It can be difficult to build a credit history if you are a consumer who has difficulty accessing credit in the first place.
Enter TomoCredit, which developed a credit card focused on building a credit history for first time borrowers. The San Francisco-based startup today announced it has raised $ 10 million in a Series A funding round co-led by Kapor Capital and KB Investment Inc. (KBIC), a subsidiary of South Korea’s leading consumer bank. Lewis & Clark Ventures, AME Cloud Ventures, Knollwood Investment Advisory, WTI, co-founder of Bronze and Square Sam Wen also participated in the financing of Series A.
The new capital comes just over seven months after TomoCredit raised $ 7 million in seed funding, and brings its total raised this year to $ 17 million. The company also announced today that it has appointed Ash Gupta, former CRO of American Express, to its board of directors.
TomoCredit co-founder and CEO Kristy Kim came up with the business concept after she was repeatedly turned down for a car loan when she was in her early 20s.
Kim, who immigrated to the United States from South Korea with her family as a child, was disappointed that her lack of credit history turned out to be such a hindrance despite having a job. “and a positive cash flow”.
So she teamed up with Dmitry Kashlev, a Russian immigrant, in January 2019 to create a solution for other foreign-born people and young adults facing similar credit problems. That fall, the startup (short for Tomorrow’s Credit) was accepted into the Barclays Accelerator, powered by Techstars.
Fintech offers a credit card aimed at helping first-time borrowers build a credit history, based on their cash flow, rather than their FICO score or credit report. Its biggest differentiator, Kim believes, is that it has no fees, no APRs, and no credit. Traditional credit products rely heavily on fees and APR, she said, while TomoCredit makes money from merchant fees.
TomoCredit is powered by Finicity (which was acquired by Mastercard last year) and leverages that company’s data network and open banking technology so that it can ‘securely’ access applicants’ bank accounts for credit. financial data for underwriting purposes.
Once approved, candidates receive the TomoCredit Mastercard. The goal is to bring “millions of people who have no credit score into the financial system, enabling a diverse group of consumers to better position themselves as qualified applicants for mortgages, auto loans. or other major purchases, ”the company said. .
TomoCredit has already pre-approved more than 300,000 customers and plans to issue a total of 500,000 cards by the end of the year, according to Kim.
“We’ve increased 10 times this year since the start of 2021,” Kim said. “Nonetheless, this round went ahead ahead of schedule.”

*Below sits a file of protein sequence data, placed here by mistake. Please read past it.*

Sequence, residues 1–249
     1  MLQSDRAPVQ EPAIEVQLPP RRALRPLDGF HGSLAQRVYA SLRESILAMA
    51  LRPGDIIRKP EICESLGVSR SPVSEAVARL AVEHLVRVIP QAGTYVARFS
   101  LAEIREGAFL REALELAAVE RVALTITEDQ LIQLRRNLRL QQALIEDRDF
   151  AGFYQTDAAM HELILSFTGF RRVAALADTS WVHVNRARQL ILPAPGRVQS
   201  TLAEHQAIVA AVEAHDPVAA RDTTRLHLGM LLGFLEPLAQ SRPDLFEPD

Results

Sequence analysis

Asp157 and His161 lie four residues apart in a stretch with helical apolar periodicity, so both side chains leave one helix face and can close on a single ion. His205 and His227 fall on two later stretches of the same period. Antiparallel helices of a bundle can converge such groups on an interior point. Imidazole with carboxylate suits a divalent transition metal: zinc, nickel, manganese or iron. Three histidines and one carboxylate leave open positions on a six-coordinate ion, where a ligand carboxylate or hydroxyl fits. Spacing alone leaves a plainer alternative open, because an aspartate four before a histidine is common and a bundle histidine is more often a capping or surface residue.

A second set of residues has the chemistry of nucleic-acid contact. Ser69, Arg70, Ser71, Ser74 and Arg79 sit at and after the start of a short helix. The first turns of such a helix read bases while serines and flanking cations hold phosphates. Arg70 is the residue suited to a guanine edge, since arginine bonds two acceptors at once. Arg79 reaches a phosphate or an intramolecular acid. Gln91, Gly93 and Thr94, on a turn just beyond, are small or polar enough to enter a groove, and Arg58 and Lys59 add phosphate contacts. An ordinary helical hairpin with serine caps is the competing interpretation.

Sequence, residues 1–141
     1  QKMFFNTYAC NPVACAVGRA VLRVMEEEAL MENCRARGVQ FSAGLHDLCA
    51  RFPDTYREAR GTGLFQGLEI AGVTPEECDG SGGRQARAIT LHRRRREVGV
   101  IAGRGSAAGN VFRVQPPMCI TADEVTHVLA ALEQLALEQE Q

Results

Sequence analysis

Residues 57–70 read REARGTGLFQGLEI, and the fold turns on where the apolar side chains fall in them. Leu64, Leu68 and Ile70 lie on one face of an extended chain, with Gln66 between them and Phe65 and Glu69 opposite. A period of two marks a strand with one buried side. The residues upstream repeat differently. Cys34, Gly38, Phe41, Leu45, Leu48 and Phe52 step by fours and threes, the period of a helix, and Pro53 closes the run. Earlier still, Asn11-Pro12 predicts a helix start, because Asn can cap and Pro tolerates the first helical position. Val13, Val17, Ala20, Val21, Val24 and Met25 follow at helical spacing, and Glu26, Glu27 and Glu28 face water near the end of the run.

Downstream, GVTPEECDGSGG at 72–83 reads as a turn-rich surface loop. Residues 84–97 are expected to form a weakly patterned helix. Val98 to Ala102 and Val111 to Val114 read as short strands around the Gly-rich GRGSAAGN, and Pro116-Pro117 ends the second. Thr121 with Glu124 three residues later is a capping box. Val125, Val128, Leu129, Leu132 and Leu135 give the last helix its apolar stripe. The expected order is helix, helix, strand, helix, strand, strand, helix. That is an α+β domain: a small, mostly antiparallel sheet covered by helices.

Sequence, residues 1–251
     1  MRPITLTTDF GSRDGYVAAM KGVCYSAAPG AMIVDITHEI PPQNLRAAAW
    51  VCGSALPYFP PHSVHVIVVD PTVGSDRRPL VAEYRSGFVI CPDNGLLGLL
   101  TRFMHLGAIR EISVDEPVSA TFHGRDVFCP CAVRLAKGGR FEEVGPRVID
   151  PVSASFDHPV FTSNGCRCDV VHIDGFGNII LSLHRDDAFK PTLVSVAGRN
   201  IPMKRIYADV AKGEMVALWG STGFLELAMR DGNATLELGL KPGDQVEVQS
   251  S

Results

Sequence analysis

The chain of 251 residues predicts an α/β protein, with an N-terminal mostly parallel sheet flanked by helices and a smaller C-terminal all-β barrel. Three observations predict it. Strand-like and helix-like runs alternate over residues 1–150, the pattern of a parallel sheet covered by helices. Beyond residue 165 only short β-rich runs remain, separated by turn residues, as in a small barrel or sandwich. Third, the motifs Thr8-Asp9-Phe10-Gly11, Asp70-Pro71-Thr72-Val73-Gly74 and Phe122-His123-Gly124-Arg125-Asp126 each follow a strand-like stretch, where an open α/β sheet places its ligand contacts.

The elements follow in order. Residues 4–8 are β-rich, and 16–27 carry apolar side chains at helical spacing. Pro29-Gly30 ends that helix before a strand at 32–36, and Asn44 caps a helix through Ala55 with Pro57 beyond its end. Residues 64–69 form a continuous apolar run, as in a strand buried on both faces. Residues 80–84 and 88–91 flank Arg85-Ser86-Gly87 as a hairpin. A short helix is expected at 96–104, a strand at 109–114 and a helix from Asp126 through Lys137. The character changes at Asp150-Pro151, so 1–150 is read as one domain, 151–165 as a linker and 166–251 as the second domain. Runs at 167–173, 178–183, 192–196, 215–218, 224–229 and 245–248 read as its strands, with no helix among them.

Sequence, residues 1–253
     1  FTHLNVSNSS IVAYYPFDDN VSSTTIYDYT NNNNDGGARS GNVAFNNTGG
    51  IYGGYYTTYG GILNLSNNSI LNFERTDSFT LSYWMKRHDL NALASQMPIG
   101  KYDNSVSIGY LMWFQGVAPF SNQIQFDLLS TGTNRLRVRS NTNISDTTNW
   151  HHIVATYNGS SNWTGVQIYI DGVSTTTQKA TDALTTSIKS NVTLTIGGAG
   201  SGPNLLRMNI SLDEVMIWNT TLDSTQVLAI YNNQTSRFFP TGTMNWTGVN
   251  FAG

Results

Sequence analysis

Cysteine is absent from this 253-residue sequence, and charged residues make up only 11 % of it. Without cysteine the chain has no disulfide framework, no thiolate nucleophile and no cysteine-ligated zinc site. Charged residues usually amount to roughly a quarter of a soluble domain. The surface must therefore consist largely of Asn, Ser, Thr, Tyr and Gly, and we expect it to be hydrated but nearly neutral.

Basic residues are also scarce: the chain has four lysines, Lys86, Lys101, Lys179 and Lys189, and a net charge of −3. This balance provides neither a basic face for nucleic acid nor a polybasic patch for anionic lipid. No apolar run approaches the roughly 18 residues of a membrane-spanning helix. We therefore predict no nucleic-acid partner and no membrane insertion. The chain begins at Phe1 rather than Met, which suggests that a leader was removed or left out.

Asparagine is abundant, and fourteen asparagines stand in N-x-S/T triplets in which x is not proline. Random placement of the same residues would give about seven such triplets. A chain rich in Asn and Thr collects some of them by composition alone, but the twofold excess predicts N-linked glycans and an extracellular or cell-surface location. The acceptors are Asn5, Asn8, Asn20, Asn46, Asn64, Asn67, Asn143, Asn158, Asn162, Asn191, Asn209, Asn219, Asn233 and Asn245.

Something that has been surprising to Kim is the interest of a variety of types of consumers.
“At first, we thought international students and immigrants would be most interested in our product,” she told TechCrunch. “But after the launch, we realized that so many people can benefit from it – from gig economy workers to YouTubers to any youngster who hasn’t had a chance to build credit yet. The market is much bigger than we even thought. “
In early 2022, the company plans to roll out the Tomo Black card, a product for some of its existing customers who are “performing well”. It is currently testing it with some of its existing user base.
“This is a high-end product that can grow with our customers, which we aim to keep over the next 10 to 20 years,” Kim said. “We don’t want our product to be a stopgap.
The start-up plans to use its new capital to hire more and improve features like weekly automatic payment and high credit limits with the aim of “boosting credit scores faster,” she added. . Currently, TomoCredit has around 30 employees, up from 10 when it was last increased in February.
“MYour main goal is to recruit the best talent, ”Kim said, noting that the company has already hired“ senior executives from Wells Fargo ”.
“When we recruit and hire, we care about diversity,” she added. “We design products for people traditionally underserved by big banks. I think that to align with our mission, we should embody it in our team building. Over 50% of our executives are women. The entire risk team is female. We are diverse in terms of gender, age and ethnicity because we really want to understand our customers and create an inclusive product. “
Brian Dixon, partner at Kapor Capital, points out that there are There are an estimated 45 million people in the United States who are expected to have a credit score, but cannot take out a loan, get a credit card, or apply for a mortgage. And that number is only increasing.
“When we learned that Kristy had personally experienced these issues when she moved to the United States and that she wisely found a way around the predatory and broken credit card system, it strengthened our belief in her and the product itself, ”he wrote via email.
Dixon believes that TomoCredit’s model of not charging the user makes it a “safe and affordable alternative ”to what’s on the market.
“Their mission aligns with our thesis of filling the gaps in access and opportunities in the credit space in general,” he added.